Why I don’t read contemporary books

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I’ve said repeatedly that I don’t read anything that was published this decade, because I’m a cranky bitch who hates everything about modern living … and all that. Hur hur.

I’m not doing this to be an irrational hater, but rather to analytically illustrate what I think is wrong with contemporary literature. At random, I have selected a paragraph out of a book titled, Meet Me at the Cupcake Cafe, because another blogger linked to it recently (hello!), and I think it serves as a good example of why I have dismissed this decade’s literature all together.

Disclaimer: I have not read this book, cannot review the quality of the story itself, and haven’t the slightest idea of what the writing is like outside of the preview available on Amazon. I have absolutely no opinion on the book itself; my complaint is with contemporary writing practices.

From the sample:

They both turned to look out of the window of the assisted living facility in north London. Issy had installed Joe there when it became clear he was getting too absentminded to live on his own. Issy had hated moving him down south after he’d spent his life in the north, but she needed him close to visit. Joe had grumbled of course but he was going to grumble anyway, moving out of his home to anywhere that wouldn’t let him rise at 5:00 a.m. and start pounding bread dough. So he might as well be grumpy close by, where she could keep an eye on him. After all, it wasn’t as if anyone else was around to do it. And the three bakeries, with their proud, shiny brass handles and old signs proclaiming them to be “electric bakers,” were gone now; fallen prey to the supermarkets and chains that favored cheap white pulp over handcrafted but slightly more expensive loaves.

First, for some unfathomable reason, authors have all decided that they have a raging allergy to commas. Maybe they think it’s more conversational, that commas are outdated and useless, or they simply never learned how to organize a sentence during their schooling; whatever the case, reading feels more like delving into an overgrown forest where one is expected to hack their way through alone. It also makes it significantly harder to read out loud, since being expected to run on and on without any pauses in one long unbroken sentence gives a monotone effect that can be really quite hypnotic … Woah, sorry, got sucked into the wrong dimension there for a moment.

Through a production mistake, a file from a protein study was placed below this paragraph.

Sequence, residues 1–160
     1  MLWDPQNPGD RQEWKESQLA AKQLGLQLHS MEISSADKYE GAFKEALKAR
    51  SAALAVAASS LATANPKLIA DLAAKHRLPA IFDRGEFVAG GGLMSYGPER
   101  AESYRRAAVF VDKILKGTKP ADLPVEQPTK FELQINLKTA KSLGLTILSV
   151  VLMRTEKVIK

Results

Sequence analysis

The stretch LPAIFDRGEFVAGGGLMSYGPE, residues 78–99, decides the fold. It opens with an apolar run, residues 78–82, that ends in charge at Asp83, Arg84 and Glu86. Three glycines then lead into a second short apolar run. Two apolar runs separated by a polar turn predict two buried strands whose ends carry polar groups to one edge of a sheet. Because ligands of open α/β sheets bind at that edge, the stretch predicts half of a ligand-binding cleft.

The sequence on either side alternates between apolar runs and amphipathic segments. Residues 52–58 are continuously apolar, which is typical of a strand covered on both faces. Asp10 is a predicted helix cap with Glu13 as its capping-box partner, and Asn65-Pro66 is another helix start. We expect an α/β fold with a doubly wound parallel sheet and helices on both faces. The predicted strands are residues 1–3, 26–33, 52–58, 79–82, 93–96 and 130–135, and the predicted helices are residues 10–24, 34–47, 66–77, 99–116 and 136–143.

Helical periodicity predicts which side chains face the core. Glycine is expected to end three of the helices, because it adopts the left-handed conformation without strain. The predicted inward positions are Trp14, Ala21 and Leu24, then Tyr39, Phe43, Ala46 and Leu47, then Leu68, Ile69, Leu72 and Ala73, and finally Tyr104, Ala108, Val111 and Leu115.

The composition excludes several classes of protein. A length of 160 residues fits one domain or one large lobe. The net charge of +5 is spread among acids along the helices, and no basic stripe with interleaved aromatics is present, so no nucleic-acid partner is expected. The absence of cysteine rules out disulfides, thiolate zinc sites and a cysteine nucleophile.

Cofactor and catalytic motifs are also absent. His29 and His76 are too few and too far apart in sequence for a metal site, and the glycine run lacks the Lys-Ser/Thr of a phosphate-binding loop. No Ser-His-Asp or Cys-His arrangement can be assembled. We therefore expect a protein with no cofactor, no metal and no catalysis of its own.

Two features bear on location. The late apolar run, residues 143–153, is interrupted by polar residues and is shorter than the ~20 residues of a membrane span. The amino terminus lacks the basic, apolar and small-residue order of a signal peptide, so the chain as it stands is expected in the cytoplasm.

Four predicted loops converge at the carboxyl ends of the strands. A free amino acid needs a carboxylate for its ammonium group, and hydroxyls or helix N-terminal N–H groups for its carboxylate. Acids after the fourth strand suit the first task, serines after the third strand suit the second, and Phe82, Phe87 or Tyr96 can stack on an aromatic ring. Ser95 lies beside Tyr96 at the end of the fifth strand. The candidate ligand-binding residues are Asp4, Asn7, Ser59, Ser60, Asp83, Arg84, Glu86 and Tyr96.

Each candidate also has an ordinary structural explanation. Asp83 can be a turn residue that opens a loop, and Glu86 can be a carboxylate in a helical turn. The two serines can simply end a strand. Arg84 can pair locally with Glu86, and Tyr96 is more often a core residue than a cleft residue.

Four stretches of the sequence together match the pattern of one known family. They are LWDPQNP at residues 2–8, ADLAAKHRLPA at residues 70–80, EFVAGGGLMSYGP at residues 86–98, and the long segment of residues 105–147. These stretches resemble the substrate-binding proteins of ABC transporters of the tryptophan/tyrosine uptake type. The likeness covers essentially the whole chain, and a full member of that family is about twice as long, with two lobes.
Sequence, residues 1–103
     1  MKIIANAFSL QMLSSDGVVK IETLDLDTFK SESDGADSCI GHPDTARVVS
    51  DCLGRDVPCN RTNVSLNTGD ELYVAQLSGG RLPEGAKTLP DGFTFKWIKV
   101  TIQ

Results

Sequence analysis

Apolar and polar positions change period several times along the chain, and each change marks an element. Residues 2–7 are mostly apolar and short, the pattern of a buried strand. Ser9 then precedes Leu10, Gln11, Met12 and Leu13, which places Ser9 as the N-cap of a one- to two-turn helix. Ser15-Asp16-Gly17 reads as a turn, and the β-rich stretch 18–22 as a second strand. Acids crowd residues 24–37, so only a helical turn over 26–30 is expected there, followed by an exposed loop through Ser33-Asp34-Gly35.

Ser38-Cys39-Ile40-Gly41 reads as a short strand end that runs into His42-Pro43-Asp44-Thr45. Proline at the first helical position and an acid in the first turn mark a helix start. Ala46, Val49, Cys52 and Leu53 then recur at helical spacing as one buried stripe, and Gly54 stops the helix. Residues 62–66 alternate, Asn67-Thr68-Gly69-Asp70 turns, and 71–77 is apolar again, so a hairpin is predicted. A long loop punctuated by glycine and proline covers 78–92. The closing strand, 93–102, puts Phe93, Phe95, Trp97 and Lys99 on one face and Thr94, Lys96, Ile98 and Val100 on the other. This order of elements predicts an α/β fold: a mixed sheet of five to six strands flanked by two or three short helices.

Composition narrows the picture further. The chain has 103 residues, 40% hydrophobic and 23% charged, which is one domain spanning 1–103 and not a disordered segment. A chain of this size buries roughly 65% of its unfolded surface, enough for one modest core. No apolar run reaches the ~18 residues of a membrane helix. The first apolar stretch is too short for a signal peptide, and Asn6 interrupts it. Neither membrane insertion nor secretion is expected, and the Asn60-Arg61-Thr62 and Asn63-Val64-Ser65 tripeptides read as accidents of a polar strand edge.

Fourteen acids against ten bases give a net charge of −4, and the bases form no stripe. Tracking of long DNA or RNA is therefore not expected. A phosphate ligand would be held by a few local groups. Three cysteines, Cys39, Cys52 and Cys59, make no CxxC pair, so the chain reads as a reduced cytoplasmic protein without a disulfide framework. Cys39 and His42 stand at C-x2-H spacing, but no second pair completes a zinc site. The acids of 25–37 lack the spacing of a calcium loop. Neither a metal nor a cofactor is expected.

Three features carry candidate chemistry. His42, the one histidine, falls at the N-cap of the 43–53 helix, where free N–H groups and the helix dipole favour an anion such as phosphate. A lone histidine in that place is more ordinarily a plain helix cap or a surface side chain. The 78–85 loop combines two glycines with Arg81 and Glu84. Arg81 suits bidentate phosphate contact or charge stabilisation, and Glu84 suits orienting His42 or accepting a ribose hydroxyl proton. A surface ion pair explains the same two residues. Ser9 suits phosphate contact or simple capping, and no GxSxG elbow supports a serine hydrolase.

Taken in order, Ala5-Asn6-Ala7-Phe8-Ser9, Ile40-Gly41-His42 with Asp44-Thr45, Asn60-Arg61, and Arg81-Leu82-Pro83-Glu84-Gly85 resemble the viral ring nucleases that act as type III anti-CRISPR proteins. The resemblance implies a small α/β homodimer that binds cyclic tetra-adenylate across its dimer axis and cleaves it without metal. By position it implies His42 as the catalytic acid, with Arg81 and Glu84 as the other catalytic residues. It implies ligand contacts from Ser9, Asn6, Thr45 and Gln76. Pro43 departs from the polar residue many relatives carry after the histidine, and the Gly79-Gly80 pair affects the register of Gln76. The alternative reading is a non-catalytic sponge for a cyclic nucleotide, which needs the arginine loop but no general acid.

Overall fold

The worst, in my opinion, is something that I think of as “THE TWITTER EFFECT.” You never, ever, not in a million years, see sentences longer than 280 characters (most will stay under 140, which was Twitter’s original cut off point), even in novels. Yes, I know that Moby-Dick was ridiculous for having sentences that spanned more than one page, but that doesn’t mean the answer is to only write short, choppy, status updates in lieu of actual paragraphs. I blame social media.

The longest sentence in the quoted paragraph is 258 characters, including the improperly used semicolon. Four of them are shorter than 100 characters, which accounts for more than half of the sentences in the paragraph.

So, let’s rewrite it. After all, if I’m going to claim that I can do better, I might as well back it up!

They both turned to look out of the window of the assisted living facility in north London, where Issy had installed her grampa Joe after it had become clear that he was getting too absentminded to live on his own. Issy had hated moving him so far from his home, but she had wanted him close by for her to visit, and they had no other family members who were willing to help take care of him. Joe had grumbled, of course, but he was sure to be grouchy anywhere that wouldn’t let him rise at 5:00 a.m. to start pounding dough, so he might as well be grouchy where she could keep an eye on him. The three bakeries of his past, with their proud, shiny, brass handles, and old signs proclaiming them to be “electric bakers”, were gone now, fallen prey to the supermarkets and chains that favored cheap, white pulp over handcrafted, yet slightly more expensive, loaves.

The length is the same, but I combined the seven sentences into four to decrease the choppy effect of countless periods, and enhance the overall flow of the story itself. I used a lot more commas for clear organization, and with any luck, you should be able to read that sucker out loud without stumbling. Give it a shot, and tell me if I’m wrong.

Thusly we have learned: Use commas and think longer thoughts, ’cause I ain’t got nothin’ to read.

I need a rest after writing this post. Whew.

2 comments

  1. I absolutely agree. I read most of every book I read aloud, and it’s so frustrating when I have to pause or re-read because there are grammar and punctuation errors and misspelled or misused words. The sad part of Meet Me at the Cupcake Cafe is that was published by a trade publisher, which should have stellar editors. I used to mention the writing in my reviews, but felt like a broken record with “could have used another round of editing” and complaining about misspelled words and the unwise demise of the comma, and occasionally the period. There was a book a read awhile ago that seemed to think exclamation points were periods. I don’t blame you for giving up on the novels of today. It’s often more work than it’s worth.

    Like

    1. I get the feeling that trade publishers have decided that it’s easier to design a snazzy cover than it is to properly edit a manuscript.

      Thank goodness used books are easy to come by, because otherwise I’d have nothing to read.

      Liked by 1 person

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